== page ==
After watching, during the morning, we made Jesus 'thank you cards'. Cards that thank Him for His cross. We knew last year we wanted to bring them to a Church, to an altar to drop them off. We didn't anticipate so many churches would be closed in the morning. BUT, it ended up being the best happy accident. Our Archdiocesan Cathedral, Blessed Sacrament was open. It will be our tradition to go there every year. We put our Thank You cards before the tabernacle and spent some time (a short bit of time) in prayer. The kids, my little little kids, honestly had a sense of sorrow and thanks moving through it in this way. If you are local and want to meet down there this year, we ended up there around 10:30-11:00 am. We'd love to meet up with you and your thank you cards.
When we got home, we took the time to 'shroud' all the holy images in our house. This includes statues, pictures, crucifixes, etc.. We placed small pieces of fabric (I mean, let's not lie, it's me, so I think we even used old t-shirts and scarves). The kids took naps and we ate a meatless dinner.
Here are some pictures.
|John Paul in front of his namesake's chair|
|I didn't think to take a picture, but a dear friend was at the cathedral later and saw the cards and snapped a picture for me.|
As a child, we always participated in the Polish Tradition of the Blessing of the Baskets. But, since I don't really cook, I didn't think I had enough to 'fill' the baskets with. Last year, though, I decided Jesus wouldn't mind if our baskets didn't have a lot of stuff in them. The Blessing of the Baskets is an awesome tradition, you can read up on it here. Basically, it's the seeking of God's blessing for the material goods we will enjoy on Easter. We began by coloring eggs, and then filling our baskets with the eggs and Easter Candy. And I think some string cheese... because... toddlers. The service is short (thank you Jesus) and the boys enjoyed carrying their little baskets.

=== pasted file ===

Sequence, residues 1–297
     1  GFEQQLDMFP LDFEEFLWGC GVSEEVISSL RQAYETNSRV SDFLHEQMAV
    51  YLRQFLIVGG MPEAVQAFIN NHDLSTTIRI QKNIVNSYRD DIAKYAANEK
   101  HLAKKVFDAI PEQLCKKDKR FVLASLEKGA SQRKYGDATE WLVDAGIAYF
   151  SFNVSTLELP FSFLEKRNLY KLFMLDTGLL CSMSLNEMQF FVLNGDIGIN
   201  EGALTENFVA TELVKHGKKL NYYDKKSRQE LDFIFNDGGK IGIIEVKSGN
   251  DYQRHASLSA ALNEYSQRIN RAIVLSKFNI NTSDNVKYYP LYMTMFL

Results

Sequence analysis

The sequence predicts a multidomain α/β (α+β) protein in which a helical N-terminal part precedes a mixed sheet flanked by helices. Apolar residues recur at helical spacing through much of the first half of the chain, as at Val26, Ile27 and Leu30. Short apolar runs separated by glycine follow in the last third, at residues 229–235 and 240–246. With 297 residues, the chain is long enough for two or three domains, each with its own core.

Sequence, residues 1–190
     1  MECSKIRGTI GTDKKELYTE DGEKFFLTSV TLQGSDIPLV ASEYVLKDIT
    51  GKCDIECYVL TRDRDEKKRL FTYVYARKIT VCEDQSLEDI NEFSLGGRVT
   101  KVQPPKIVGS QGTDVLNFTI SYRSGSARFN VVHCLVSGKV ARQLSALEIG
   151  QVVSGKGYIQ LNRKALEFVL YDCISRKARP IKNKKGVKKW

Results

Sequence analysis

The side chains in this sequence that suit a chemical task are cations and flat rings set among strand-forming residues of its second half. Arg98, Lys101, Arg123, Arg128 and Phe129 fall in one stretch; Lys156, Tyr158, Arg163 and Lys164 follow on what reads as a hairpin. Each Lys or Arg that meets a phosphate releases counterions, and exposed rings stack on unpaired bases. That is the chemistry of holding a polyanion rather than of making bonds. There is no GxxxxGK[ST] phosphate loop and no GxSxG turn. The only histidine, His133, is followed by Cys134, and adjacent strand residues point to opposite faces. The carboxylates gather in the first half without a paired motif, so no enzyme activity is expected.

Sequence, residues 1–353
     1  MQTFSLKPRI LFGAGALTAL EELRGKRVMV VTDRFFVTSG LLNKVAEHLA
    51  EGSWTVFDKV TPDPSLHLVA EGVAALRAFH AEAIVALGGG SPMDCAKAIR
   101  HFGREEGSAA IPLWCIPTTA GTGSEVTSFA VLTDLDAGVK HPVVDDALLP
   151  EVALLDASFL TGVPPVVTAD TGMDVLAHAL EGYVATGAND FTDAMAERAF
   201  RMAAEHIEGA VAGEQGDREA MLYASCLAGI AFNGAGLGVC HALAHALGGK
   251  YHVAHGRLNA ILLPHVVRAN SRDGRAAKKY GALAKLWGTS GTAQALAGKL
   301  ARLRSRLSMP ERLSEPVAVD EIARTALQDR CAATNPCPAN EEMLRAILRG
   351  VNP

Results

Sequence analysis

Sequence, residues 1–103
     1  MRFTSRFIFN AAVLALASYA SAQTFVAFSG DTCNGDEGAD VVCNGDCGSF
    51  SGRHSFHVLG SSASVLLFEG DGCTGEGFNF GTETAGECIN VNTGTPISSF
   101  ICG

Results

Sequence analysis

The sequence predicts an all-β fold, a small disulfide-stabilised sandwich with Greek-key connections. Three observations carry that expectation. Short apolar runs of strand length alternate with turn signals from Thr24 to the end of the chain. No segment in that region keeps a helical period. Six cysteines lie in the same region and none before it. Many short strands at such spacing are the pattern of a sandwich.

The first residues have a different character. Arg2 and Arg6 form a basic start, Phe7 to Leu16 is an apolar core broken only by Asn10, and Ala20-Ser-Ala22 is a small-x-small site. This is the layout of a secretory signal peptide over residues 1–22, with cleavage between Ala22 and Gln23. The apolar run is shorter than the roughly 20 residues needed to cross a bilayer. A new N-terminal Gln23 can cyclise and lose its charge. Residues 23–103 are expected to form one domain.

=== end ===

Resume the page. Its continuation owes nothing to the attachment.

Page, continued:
|John Paul loved it.|
|loading up the baskets|
|adding the special touches|
|It looks like John Paul's basket legit has crust in it. It's okay, Jesus doesn't mind.|
YAY, we've made it to Easter. For Easter, each of our kids gets a special 'new ish' outfit. Oh my gosh, how fun is it buying Easter dresses for little girls?!??!? Seriously.
During the night, I took the 'shrouds' off all of our Religious articles, and replaced them with fresh flowers. Last year, we had one shared basket (we will probably do the same this year), that the Easter Bunny hides.
Speaking of the Easter Bunny... we ain't got no problem with him. You'll see in the pictures below, our Easter Bunny (and Santa Clause) work to celebrate Jesus. These imaginative wonders help to bring alive the mysteries we share with our children about our faith. It's all good.
Our Easter basket is simple. Usually each boy gets one of those$1-2 religious books (although last year we did a big expensive book called, 'Letters to Pope Francis' which they loved), 1 small toy (Imaginext super heroes last year) and candy. It's the perfect way to celebrate.
The last few years, we've gone to breakfast with my inlaws at a delicious pancake house. After, we attend the Holy Sacrifice of the Mass. After Mass, I hide 15-20 eggs full of one candy each around the yard- I do this while the family is the car getting ready to go to breakfast. The boys (and this year, girl) really enjoy finding them, so it's a tradition I will probably stick with.
We go home, nap and then head to my parents for Easter Dinner.
Here's some pictures...
|The Easter Bunny working for Jesus|
|Papa and Malia at Mass|
|Easter egg hunt|
|This part is so fun for them|
|he couldn't wait to begin the tasting|
|The crew at Mass|
And that my friends is how the Wilkersons live the mystery of the Triduum in a special, holy and age appropriate way. Maybe this helped to give you some ideas?!?!?! Get 'er done.